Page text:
AIA Seattle has posted the 2008 Honor Awards winners, though holz beat them to it with this play-by-play (scroll down to 11/04/08). So then, what about that “Perform/Transform” theme?

As noted over at the DJC Streetscape blog, out of fourteen awards, only one went to a single-family home, as compared to last year’s awards when the tally was four out of seven. Several awards went to civic buildings and urban infill multifamily. And the award to NBBJ’s Banner Gateway Medical Center was a surprise to me until I reconsidered the profound role hospitals can play in people’s lives. OK.

On the other hand, consider the honor award winner “7” shown in the photos above, the one entry that all three jurors agreed on right from the beginning. No doubt it’s a transcendently beautiful art piece. And while it has the potential to transform the consciousness of those who have the opportunity to see it, its impact on the greater community is minimal and ephemeral.

Only one of my picks made the cut — must be the urban planner in me.  It’s a given that dense urban infill is important. But the new century demands buildings that go beyond just being well-designed in the traditional sense. Multifamily infill worthy of an award should incorporate features such as modular construction, vastly reduced energy and water consumption, reduced on-site parking, green roofs, and affordability to middle-class workers.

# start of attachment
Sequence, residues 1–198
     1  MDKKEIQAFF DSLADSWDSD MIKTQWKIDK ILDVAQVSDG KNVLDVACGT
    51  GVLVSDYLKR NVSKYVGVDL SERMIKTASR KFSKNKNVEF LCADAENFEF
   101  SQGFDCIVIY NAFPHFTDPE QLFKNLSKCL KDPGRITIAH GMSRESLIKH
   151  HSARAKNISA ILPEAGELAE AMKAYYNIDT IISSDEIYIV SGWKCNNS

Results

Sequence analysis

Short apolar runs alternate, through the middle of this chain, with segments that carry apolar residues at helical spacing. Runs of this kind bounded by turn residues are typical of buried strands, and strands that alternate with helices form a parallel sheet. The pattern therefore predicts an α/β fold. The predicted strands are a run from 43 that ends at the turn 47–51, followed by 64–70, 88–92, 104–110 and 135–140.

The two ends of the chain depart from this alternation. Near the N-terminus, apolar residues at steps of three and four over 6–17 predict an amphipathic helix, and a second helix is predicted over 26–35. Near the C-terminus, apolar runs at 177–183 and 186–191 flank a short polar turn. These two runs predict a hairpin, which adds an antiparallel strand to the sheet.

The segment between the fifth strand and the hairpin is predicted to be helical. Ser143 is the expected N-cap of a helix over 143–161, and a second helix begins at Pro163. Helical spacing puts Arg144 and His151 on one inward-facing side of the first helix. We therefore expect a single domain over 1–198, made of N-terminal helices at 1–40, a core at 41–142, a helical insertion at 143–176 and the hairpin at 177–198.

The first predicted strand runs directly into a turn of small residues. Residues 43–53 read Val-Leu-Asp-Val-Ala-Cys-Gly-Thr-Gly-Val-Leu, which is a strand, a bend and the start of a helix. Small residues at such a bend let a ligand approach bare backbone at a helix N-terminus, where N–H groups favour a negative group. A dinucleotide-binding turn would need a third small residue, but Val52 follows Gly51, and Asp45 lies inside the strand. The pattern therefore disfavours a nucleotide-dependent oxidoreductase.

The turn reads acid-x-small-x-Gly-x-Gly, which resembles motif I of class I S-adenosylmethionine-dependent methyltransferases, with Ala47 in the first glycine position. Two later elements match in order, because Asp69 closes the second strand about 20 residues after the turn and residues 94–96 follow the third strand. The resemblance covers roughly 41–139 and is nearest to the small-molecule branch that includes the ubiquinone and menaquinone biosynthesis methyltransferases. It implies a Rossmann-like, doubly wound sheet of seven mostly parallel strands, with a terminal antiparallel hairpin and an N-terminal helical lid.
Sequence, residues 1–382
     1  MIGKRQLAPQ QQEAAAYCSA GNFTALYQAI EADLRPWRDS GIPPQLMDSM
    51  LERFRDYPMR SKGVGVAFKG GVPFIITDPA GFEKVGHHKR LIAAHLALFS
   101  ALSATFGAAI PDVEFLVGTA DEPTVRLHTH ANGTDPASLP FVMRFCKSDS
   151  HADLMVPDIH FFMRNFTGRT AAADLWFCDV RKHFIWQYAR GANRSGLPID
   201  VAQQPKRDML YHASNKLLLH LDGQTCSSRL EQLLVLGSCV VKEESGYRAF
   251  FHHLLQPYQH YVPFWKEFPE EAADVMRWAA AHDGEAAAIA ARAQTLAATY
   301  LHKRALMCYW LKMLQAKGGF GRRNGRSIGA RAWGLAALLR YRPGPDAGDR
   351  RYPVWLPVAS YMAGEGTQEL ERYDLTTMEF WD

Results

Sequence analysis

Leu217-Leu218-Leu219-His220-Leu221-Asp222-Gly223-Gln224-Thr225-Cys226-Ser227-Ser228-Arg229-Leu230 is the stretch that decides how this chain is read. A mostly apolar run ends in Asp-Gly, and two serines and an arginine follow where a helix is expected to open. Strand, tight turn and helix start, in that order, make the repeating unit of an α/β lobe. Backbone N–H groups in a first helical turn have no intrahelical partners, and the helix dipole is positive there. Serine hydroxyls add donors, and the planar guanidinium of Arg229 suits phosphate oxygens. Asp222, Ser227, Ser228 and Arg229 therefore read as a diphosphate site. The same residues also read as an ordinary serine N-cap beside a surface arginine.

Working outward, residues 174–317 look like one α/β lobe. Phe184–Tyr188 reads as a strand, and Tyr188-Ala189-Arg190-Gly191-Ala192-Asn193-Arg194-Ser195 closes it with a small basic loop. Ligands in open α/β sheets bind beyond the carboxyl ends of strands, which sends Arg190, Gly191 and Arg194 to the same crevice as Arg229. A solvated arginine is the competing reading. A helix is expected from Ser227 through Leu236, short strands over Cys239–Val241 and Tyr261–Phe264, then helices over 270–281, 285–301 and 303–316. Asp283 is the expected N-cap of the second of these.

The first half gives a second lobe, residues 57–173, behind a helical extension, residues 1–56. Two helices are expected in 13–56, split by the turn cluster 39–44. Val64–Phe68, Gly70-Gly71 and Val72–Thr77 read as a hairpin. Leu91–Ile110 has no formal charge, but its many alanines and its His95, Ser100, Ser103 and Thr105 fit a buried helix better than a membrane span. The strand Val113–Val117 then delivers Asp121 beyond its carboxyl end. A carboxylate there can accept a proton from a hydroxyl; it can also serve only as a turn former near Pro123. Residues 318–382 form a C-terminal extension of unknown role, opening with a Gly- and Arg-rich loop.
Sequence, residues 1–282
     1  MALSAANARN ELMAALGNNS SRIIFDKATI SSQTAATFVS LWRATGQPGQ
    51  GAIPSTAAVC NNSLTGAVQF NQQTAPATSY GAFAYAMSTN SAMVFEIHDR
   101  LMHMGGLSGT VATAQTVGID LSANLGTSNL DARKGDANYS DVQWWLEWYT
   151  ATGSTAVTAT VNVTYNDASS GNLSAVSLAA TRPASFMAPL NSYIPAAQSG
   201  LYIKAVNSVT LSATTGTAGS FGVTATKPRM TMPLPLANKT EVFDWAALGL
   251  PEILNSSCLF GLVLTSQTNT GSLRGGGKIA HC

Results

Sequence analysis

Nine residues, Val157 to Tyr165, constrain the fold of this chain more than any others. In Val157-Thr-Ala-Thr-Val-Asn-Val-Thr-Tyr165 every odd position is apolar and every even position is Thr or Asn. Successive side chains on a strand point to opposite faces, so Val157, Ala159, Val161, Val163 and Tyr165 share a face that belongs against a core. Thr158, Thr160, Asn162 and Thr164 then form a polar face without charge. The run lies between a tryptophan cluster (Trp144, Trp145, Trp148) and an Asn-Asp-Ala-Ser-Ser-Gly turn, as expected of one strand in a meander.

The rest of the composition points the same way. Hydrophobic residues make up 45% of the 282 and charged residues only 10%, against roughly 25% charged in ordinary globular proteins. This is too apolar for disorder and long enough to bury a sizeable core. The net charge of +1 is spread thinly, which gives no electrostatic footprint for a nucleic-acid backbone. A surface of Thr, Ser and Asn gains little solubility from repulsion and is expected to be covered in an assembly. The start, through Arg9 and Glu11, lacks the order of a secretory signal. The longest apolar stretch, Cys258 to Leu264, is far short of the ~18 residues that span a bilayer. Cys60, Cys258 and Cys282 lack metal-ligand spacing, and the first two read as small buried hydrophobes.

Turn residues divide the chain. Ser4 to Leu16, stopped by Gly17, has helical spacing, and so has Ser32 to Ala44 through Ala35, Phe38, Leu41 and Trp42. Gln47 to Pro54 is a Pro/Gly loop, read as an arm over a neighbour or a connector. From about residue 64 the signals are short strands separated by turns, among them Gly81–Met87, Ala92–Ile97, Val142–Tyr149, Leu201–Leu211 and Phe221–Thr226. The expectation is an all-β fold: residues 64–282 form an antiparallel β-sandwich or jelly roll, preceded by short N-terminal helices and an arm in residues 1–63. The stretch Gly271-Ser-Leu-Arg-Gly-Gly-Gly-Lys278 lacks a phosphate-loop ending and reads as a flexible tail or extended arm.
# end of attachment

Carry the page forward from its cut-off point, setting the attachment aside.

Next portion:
Weinstein’s Montlake Library is an elegant building, but unfortunately the requirement for parking resulted in a blank wall at street level across a large part of the most prominent facade. The library would be a lot more transformational if it had no parking. And Weinstein’s EX3 Ron Sandwith Teen Center is also inspiring work. Yet its potential to transform would be greatly magnified if it was part of a larger whole, as in the case of the Northgate Library, Community Center & Civic Park.

Perhaps my interpretation is narrow, but the word transformational makes me think big. Projects like Foster+Partners’ More London Masterplan come to mind (photo below). Such projects are rare — two to keep an eye on in Seattle are Yesler Terrace and Civic Square.